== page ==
By Ingrid Howard
When Beth White was growing up working at her family’s flower shop in Kentucky, she said she had no intention of making a lifelong career out of it. She just did what she had to do to “get the car” from her parents.
But when her husband left the military in 1975, she rethought that position.
“I said, ‘Honey, whatever you want to do, I’ll follow you anywhere,’” she said. “He said, ‘Let’s go home and buy the flower shop.’”
He was charmed by the small town, White said. So off they went. “And the rest is history,” she said.
White was a professional florist for the next 40 years, until she moved to Alabama to retire in 2015.
But instead of “eating bonbons and playing bridge” in her retirement, White discovered volunteer opportunities at Aldridge Gardens.
“I became a volunteer here and realized why it is such a special, magical place,” she said. Now, she does two to four classes a year that focus on floral decorating.
“Beth has a knack of making common-sense magic,” said Debbie McDonald, education director at Aldridge Gardens. “You know, it’s like, ‘Why didn’t I think of that?’ And she tells you, and it’s so obvious. And everything she touches turns out beautifully.”
White said she wants her classes to pique people’s interest and bring them out to the gardens. For example, one class she would like to do would teach people how to take advantage of the winter landscape.
“People get depressed,” she said. “They don’t see the beauty in that bare branch that’s so gorgeously sculpted and that one leaf that’s hanging off of it.”
Last year, White said, she taught people how to create a dynamic door with professional results. For example, she said sticking a doughnut-shaped wreath on a rectangle door with rectangle window panes might not look nice.
“Instead of doing a doughnut, we’re going to take branches and make a swag, which is rectangular shaped, and put that on there,” she said. “And it looks dramatic … and it repeats the form.”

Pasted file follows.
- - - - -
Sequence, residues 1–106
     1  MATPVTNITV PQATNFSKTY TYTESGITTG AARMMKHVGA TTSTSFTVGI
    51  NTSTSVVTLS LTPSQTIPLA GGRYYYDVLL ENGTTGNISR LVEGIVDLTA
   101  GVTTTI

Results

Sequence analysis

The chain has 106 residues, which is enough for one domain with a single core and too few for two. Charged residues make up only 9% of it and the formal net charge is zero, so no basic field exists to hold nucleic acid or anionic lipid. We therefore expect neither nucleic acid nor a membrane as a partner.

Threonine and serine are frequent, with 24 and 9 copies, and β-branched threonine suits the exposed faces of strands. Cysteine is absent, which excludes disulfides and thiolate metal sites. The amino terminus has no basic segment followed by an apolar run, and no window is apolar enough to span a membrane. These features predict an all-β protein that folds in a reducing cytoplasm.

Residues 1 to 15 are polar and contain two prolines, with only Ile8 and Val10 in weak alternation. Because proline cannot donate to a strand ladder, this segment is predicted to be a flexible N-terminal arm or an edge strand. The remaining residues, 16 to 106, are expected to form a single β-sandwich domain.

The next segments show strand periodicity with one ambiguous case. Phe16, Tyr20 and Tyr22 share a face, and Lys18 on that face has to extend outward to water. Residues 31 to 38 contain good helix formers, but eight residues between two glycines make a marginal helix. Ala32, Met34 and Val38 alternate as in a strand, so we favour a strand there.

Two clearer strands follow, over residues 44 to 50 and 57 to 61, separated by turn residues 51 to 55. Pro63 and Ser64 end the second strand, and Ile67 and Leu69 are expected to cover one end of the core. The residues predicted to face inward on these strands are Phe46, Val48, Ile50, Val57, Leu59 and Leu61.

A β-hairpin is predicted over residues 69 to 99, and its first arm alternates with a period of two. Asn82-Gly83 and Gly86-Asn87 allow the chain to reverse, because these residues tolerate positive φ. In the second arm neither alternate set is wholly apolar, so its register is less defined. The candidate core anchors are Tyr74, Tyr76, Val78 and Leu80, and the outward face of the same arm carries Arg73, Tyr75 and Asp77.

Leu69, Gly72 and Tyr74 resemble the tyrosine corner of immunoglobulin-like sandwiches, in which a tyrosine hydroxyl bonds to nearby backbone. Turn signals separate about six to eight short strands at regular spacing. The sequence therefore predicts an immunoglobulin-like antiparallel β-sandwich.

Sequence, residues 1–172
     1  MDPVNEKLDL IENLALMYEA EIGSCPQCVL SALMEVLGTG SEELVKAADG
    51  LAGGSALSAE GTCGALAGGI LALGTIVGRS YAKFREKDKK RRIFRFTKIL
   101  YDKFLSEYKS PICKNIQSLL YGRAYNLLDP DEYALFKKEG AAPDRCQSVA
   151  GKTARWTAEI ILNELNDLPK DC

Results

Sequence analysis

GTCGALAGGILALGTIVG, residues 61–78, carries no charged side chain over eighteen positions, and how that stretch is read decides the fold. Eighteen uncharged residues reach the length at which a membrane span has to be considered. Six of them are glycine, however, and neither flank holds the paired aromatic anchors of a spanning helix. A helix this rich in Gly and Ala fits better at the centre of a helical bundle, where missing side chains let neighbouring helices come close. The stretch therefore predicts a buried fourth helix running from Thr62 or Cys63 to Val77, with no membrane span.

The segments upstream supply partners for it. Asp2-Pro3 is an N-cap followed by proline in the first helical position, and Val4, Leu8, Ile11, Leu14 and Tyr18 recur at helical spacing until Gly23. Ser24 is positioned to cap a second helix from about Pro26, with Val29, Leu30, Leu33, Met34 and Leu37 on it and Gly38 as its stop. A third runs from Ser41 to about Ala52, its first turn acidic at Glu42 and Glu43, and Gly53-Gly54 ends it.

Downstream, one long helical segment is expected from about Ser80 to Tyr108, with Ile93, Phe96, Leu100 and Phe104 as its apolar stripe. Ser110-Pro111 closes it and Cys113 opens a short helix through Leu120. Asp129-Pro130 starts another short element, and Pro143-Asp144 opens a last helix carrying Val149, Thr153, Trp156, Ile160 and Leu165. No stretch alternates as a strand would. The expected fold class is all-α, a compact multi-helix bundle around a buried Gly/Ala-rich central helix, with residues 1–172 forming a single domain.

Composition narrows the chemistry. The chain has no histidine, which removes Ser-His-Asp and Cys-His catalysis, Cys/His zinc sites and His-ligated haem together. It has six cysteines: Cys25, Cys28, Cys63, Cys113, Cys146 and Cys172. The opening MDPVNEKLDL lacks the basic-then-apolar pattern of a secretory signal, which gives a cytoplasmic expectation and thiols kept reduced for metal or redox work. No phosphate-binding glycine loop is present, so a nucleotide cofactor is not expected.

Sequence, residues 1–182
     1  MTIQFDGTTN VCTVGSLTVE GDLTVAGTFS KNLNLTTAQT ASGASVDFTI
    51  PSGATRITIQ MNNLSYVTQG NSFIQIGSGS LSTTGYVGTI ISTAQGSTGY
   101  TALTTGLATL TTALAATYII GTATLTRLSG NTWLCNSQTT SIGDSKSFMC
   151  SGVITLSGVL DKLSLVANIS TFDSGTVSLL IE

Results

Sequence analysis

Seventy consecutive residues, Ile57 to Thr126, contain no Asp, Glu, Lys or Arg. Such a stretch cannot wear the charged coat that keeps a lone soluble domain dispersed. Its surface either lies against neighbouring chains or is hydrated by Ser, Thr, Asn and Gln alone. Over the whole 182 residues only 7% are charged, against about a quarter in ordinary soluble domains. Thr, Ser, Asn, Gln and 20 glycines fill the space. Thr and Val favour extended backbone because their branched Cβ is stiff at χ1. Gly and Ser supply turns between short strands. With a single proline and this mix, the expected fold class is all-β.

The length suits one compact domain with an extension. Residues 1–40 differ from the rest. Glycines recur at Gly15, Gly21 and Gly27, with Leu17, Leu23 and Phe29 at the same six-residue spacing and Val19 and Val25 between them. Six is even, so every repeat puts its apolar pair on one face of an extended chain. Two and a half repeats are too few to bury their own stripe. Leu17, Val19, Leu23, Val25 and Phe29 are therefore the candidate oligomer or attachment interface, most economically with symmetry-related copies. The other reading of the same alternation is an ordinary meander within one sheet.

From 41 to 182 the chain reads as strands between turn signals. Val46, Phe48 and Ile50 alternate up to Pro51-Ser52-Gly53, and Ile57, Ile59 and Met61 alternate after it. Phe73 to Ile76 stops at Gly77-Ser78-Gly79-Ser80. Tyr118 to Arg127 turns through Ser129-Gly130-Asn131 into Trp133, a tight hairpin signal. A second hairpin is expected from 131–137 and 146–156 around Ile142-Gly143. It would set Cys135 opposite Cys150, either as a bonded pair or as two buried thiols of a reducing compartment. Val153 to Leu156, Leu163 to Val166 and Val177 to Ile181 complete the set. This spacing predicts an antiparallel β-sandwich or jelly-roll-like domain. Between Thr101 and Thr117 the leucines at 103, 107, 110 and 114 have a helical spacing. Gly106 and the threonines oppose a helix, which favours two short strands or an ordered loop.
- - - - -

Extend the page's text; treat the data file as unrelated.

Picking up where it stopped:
In this year’s winter class, White will discuss reducing holiday anxiety.
“I’ve got some magic that I’m going to share that helps you do that,” she said. “Most people make decorating too hard, so we’re going to take a common-sense approach to how you understand what makes decorating look special.
“If you start cooking on Thanksgiving Day, and you’ve never cooked before, you’re pretty much doomed to fail. Most people have some experience, and many people have a lot of experience. But they may not have the information they need to make the right decisions.”
In her classes, she also teaches seasonal decorating, so the decorations can last past Dec. 25.
“We’ll do some winter decorating, and then we’ll do holiday trim on it,” she said. “And then you put Santa Claus away, and the rest is still there.”
Spots are limited to White’s classes, and her Nov. 30 class is sold out. Listings for future events at Aldridge Gardens can be found at aldridgegardens.com/education/events.
“Life is too short not to enjoy it,” she said. “In my flower shop, that was our mission. There is beauty which will fill your soul from the very simplest touch to really big things. But it’s not always about big things, it’s about enjoying that moment and appreciating the beauty in whatever: that blossom, that leaf, that stem.”